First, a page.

The Hurunui Water Project

Extracts from 'Franzi and the great terrain robbery'

The Hurunui Water Project

 
 

 

Your story of Andre’s friend and his allergies was beautiful; an adventurer who is not able to adventure anywhere there is pollen. Excellent. So where does he go? The Sahara and Greenland, of course. And how did that turn out, exactly; sitting by a fire made of shrub wood and Muskox dung, staring at a seventy foot moraine of ice, and not a tree for a thousand miles? For you, bloody perfect. For me, it would still have to be Lake Sumner.

   We went there once to spend Christmas far from the madding crowd. It’s three hours of  tussock flats and gnarled matagouri, and then the last mile cuts through thick scrub and old beech stands where ancient vines rope up into the overhanging canopy like pythons. We emerged suddenly from the cool, moldering bush to find the lake spread before us. It was like falling; a kind of vertigo that had you reeling for an instant. Breakers from the winds that funnel down this glacial valley have thrown the crisp shingle beach into shallow undulations where bleached shards of beech wood, enough for a thousand billies of tea, line the high water mark. We pitched our tent in a sheltered niche and brewed dinner over a bowl of glowing embers while the sky turn green.

   During the night the wind died and in the morning the lake lay before us trammeled with just the echoes of bellbirds and the occasional dimple of a rising trout. The only other movements were a couple of sooty shags making their way down to where the lake empties out in a satin knurl; and a mile across from us a few faint cattle foraged in the narrow hem between forest and water. The sky was clear except for a couple of small clouds close to the divide, indicating a rising late morning breeze, but nothing more than that. I stripped and stood at the edge of the water shading my eyes against the reflections, peering down to where the shingle banked steeply into blackness. A thin forest of delicate green tendrils floated upward to within a foot or two of the surface. They were flecked with pale water flowers. A few dark twists of beech wood lay amid them and I guessed an eel or two were snaking around down there. I put taniwhas out of my mind, tilted forward and clumsily split the satin surface. The water was warm enough for a foot or two but it was ice cold beneath that sun-soaked layer. I was quickly out again and hunkering by the fire as Ali dropped a palm full of fine grounds into the billy. She let it stand for a while and then poured it through a silk scarf into two tin mugs. As we sat together with our cups in hand at the edge of that vast pool beneath an untroubled sky, we were, in that moment, the wealthiest people on the face of the earth.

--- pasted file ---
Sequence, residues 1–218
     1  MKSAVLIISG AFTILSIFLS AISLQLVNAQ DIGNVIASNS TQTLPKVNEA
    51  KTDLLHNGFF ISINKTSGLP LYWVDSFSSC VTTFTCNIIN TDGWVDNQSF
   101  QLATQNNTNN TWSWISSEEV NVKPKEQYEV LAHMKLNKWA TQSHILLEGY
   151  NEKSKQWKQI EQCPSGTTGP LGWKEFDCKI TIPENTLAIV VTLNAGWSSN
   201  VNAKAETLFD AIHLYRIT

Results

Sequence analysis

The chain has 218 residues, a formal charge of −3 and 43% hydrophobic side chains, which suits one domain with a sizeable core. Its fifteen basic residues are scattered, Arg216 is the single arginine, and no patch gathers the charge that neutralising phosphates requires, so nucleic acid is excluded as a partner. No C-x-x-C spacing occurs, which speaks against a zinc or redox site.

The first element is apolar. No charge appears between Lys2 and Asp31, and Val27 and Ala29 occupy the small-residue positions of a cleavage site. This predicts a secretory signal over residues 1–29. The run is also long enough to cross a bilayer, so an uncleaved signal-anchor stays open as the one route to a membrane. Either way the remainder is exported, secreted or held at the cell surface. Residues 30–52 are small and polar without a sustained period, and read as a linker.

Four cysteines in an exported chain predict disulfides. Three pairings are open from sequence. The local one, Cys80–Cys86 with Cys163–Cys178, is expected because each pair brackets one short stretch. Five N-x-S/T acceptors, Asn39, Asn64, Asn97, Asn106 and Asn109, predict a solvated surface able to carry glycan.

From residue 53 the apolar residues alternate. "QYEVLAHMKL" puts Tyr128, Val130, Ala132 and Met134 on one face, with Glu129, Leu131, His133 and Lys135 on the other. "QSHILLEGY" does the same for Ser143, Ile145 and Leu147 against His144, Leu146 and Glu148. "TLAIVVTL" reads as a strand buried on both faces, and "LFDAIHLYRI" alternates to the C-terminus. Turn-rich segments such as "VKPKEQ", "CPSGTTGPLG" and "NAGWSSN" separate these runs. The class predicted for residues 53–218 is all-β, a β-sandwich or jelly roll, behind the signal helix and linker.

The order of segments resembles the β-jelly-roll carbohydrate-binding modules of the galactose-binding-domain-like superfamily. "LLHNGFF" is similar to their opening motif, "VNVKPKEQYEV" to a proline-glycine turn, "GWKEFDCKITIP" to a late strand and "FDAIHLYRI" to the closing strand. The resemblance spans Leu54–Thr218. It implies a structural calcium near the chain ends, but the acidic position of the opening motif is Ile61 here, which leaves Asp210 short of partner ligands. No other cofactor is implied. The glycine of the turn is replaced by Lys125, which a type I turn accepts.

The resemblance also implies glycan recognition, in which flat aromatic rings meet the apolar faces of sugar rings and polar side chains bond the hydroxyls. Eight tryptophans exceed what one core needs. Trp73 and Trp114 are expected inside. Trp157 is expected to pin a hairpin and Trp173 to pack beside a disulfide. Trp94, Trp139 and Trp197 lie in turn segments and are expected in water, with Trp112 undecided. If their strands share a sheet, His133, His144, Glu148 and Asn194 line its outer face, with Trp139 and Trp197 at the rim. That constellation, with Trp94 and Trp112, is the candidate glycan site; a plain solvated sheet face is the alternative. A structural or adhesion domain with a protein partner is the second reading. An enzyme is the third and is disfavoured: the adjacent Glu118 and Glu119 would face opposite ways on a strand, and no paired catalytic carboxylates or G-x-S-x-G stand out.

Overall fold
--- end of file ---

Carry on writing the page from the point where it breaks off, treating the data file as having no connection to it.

Half a day’s walk south of Lake Sumner will take you to Esk Head station. A few years ago an expat economist millionaire called David Teece bought it, supposedly in order to facilitate the damming of the south branch of the Hurunui. It was his way, it has been implied, of giving a little back to the country that had  spawned him. But you would have to be a little green around the gills to take this at its sentimental value only; water schemes are not at all unfamiliar territory to Mr. Teece.

   Two hundred farmers have signed up to this scheme, and over the last three years they have held numerous ‘woolshed’ meetings around the district to work out among themselves the apportioning of the coming wealth; while their spokesman, Waikari farmer Mike Hodgen, deals with the detail of acquiring it. As I say, these farm meetings have been secretive affairs, no ‘environmentalist’ has ever been invited to attend. The first rule in cases like these is to keep the public at arm’s length until the last possible moment, and the last possible moment is the consents application process which requires public notification. But the Hurunui Water Project has drawn assistance from the district rates, which include many people who are not farmers, and over half a million dollars of tax payers’ money which has been poured into the scheme through the Sustainable Farming Fund. One would assume that where public money is involved in a process, the public might be invited to take part. They would say, of course, that we were; that they went to extraordinary lengths to consult with the community. That’s what they would say.

I see it differently: Consultation in its true form no longer exists in this country. The Hegelian idea of creating synthesis out of opposing ideas is too damn democratic for us it seems. Instead, ‘consultation’ has morphed into ‘presentation,’ and presentation is another creature altogether.